Motorcycle travel can be especially dangerous on busy, congested highways in New Jersey. In bad traffic, one can sometimes witness a motorcycle riding on the line between lanes in the same direction of traffic. This means of moving through traffic is commonly referred to as lane-splitting, and it may be disconcerting to the unsuspecting driver. However, some believe that motorcyclists avoid dangerous situations by maneuvering through traffic in this way.
According to the Motorcycle Industry Council, which “supports state laws that allow lane-splitting under reasonable restrictions,” there are potential benefits to lane-splitting. For example, motorcyclists are more conspicuous as they move relative to traffic, congestion is reduced, less idling and engine damage occur, and a reduction in overall fatigue can be experienced by motorcyclists who ride bikes with manual transmissions.
The American Motorcyclist Association cites several reports over the years, and while cautious in so doing, endorses the practice of lane-splitting. Riders, however, must be responsible in their efforts. Notwithstanding the legality of lane-splitting, it is an issue of choice, motorcyclists should exercise their discretion and avoid “violat[ing] the rules of the road.” An effort to get the practice legalized and educate the public and law enforcement, says the AMA, should be priorities.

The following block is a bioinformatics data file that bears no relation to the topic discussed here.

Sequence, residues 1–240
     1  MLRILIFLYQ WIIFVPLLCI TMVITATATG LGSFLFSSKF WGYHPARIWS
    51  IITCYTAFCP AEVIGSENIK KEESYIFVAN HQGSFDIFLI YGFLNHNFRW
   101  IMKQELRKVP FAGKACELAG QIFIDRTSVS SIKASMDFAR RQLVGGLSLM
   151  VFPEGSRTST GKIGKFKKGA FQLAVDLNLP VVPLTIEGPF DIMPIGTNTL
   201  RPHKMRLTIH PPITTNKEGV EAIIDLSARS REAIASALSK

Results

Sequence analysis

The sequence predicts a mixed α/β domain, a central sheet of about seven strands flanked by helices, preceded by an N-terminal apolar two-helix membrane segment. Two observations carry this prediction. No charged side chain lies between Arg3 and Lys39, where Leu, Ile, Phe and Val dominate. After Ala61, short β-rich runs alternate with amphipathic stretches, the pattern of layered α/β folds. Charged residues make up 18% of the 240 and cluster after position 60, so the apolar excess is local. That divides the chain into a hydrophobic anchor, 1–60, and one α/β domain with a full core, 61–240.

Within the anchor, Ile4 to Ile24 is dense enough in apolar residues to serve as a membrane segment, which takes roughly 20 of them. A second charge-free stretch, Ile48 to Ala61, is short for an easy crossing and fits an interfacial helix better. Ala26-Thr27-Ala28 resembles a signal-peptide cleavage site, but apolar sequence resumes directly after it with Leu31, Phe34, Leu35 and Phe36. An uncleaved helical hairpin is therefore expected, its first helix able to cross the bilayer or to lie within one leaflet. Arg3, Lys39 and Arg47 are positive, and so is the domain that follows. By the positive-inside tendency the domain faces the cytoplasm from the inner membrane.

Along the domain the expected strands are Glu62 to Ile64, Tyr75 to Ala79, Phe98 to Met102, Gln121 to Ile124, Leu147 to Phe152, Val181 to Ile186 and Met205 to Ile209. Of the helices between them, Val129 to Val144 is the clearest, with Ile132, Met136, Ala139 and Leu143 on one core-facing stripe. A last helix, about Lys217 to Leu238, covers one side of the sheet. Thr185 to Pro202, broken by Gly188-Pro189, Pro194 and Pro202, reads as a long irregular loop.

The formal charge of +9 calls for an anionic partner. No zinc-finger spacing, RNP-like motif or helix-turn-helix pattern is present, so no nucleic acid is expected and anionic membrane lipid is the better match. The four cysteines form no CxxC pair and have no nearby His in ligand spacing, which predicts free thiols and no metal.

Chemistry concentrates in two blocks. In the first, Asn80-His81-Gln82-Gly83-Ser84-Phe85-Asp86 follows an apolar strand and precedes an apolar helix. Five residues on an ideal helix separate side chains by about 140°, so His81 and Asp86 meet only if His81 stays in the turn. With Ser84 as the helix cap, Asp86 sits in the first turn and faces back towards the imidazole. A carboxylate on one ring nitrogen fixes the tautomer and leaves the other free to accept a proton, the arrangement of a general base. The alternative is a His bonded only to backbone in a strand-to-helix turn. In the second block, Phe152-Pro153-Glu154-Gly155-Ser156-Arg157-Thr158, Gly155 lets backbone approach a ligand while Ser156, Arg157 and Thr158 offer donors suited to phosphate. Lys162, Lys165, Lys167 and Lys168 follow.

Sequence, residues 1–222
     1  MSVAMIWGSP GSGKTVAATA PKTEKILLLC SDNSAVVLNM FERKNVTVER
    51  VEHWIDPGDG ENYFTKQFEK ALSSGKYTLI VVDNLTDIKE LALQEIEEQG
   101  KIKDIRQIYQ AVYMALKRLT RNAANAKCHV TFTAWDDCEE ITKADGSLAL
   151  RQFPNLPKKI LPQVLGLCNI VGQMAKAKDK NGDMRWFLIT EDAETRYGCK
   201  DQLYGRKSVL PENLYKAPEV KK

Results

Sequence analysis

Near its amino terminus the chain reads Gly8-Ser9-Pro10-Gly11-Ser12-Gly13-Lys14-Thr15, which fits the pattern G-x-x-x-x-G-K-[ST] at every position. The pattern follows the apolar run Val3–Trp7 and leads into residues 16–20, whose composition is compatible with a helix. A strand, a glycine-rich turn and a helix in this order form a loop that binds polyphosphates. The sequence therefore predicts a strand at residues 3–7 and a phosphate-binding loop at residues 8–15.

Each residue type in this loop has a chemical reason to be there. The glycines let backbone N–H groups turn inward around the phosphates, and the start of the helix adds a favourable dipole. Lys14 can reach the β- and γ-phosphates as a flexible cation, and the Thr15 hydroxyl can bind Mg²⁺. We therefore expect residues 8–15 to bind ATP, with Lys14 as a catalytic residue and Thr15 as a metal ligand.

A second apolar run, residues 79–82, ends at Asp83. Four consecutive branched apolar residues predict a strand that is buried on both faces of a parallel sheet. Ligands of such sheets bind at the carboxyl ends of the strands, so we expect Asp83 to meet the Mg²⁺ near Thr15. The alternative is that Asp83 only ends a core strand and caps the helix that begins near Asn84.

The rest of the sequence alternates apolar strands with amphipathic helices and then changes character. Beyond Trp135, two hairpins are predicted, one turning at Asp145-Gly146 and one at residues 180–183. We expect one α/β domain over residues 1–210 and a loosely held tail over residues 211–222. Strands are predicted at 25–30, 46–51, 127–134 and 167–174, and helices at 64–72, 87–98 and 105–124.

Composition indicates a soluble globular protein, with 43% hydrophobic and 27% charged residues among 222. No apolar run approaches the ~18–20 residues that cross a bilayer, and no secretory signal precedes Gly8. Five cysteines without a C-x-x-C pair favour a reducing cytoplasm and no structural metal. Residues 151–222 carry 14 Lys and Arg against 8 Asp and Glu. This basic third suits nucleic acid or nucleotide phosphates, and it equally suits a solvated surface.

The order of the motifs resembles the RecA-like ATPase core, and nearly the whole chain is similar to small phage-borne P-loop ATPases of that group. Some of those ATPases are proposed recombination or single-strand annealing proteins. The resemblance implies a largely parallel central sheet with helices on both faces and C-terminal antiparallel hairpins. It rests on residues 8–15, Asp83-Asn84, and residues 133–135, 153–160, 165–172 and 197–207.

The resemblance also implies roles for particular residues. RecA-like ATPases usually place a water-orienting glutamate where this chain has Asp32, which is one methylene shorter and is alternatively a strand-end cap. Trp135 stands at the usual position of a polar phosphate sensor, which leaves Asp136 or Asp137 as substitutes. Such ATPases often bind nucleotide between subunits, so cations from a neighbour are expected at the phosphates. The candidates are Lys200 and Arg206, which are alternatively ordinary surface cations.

When considering negligence as a general legal principle, it is important to recognize that most acts prohibited by law will be considered negligent. Each rider has a duty to obey the law and act as a reasonably prudent person when operating a motorcycle and may be at risk of breaching that duty and becoming liable for injuries caused, whether or not the direct cause of damage. Lane-splitting, although some studies may indicate potential benefits, ought to be considered in light of all relevant circumstances.